Santurantikuy, the Christmas Artisans’ Festival in Cusco
23 December 2019
Every December as Christmas approaches, the people of Cusco decorate their homes for the holidays.
Although Christmas trees have become more common, the most important Christmas display in Cusco’s
homes, and in Peruvian traditions, is the Nativity Scene.
In some homes, Nativity Scenes are huge and very elaborate, with dozens and even hundreds of ceramic figures of the Holy Family, the Three Kings, the Shepards, angels, many other figures, many animals, with miniature background buildings, wells, trees, lights and much more.
These nativities are splendid scenes- they’re fascinating to gaze upon. And they are an impressive show of Andean crafts, and of Peruvians’ devotion to the Baby Jesus and the celebration of his birth.
¿What is Santurantikuy?
Santurantikuy is the place to go to buy all the figurines and other components of Cusco’s Nativity Scene. During December, pre-Santurantikuy Cusco markets are located at several squares around Cusco in districts such a as Santiago (up the hill from downtown) and Plaza Tupac Amaru in the Wanchaq district.
Countless vendors sell every nativity item imaginable, including special natural plants and herbs that make up Nativity Scene foundations. But these are more recent markets, not the main event.
Every year on December 24th, the Santurantikuy Fair takes place at Cusco’s central square, the Plaza de Armas. This, the most important day for Andean artisans, takes place all day, and into the evening.
The fair dates back hundreds of years, from colonial days when Catholic priests would try to convert the indigenous people, who might partly have taken on Catholic practices, but without forgetting their indigenous spirituality. Thus, a syncretism of beliefs is represented in the marvelous handicrafts displayed and up for sale at Cusco’s grand Christmas fair.
The name Santurantikuy derives from both Spanish and Quechua- Santu, or saint, and tikuy or sale. Elements of the Inca’s religion such as the sacred mountains of the Andes, the Apus, and Inti, the sun god, are often symbolized in the crafts sold at the fair.
One of the most characteristic artisanal objects of the Santurantikuy Fair is the “Niño Manuelito”. The creation of Manuelitos goes back a long time in Cusco’s history, to the colonial era. These figurines and sculptures represent the Christ Child, which traditionally would be shown as a white-skinned child with black curls, and a tiny mirror inside the mouth.
Nowadays, Manuelitos have become more diverse, and artists apply their own different interpretations, perhaps with different skin tones, or in different poses or facial expressions.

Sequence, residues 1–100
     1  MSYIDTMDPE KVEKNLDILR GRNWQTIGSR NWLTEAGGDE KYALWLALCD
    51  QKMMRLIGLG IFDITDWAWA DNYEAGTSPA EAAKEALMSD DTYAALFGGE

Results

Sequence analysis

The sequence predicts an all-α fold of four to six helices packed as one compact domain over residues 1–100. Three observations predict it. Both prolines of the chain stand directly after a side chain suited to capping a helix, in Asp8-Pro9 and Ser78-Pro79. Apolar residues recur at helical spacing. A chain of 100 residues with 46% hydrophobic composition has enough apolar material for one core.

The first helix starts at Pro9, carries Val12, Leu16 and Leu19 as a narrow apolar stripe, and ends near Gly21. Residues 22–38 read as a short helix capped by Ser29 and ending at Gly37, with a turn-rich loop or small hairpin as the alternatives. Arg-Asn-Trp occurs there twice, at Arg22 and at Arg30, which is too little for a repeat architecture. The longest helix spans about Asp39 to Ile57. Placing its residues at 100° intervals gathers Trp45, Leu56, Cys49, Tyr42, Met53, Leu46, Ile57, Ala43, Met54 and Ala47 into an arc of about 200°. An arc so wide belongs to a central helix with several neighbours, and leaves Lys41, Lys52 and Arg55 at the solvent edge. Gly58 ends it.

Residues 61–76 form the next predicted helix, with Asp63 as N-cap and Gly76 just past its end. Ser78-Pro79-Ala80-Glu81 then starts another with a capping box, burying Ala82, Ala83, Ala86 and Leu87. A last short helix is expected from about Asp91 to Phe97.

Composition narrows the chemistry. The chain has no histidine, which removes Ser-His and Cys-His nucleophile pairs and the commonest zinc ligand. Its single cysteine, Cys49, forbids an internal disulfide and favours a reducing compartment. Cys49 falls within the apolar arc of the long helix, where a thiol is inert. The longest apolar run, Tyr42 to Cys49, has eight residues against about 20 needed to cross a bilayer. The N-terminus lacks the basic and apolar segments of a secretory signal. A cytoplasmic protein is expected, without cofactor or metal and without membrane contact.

Each Christmas Eve, thousands of people attend Santurantikuy, and walk about slowly browsing and admiring each artisan’s creations. And there are hundreds of expert artisans presenting their crafts.
Artisans and crafts
They offer everything from intricately decorated ceramic figures, wood sculptures, miniatures, wax figures, bas-relief, silver and and filigree, craftwork in stone and leather, paintings in the colonial Cusqueña School style, decorations in dry flowers, and much more. It really takes the entire day to see all of it, and the fair is a boon to Cusco’s economy.
Cusqueños apply a critical eye in reviewing and comparing each year’s Santurantikuy craftwork, and buying only the best and most unique items. Cusco’s families collect hundreds of ceramic Nativity figurines and other items over many years, so Nativity Scenes often include components that go back decades, inherited from the family elders.
Cusco’s most famous artisan families present their artwork at Santurantikuy. Some of those artists are renowned worldwide, such as the Mendivil family, with their long-necked statues, and the Merida and Lave families, also creators of very fine crafts. Visitors with larger budgets might take home with them some of those works, but there are plenty of beautiful handicrafts and other items to buy at very affordable prices.
If you are visiting Cusco during the Christmas holidays, lucky you, you won’t be able to miss Santurantikuy. If you’re not here this week, please do plan for next year- come and spend a magical Christmas holiday in Cusco. Please contact us at andeanlodges.com to find out about how to plan a great trip to Cusco and about our traditional celebrations and many cultural wonders.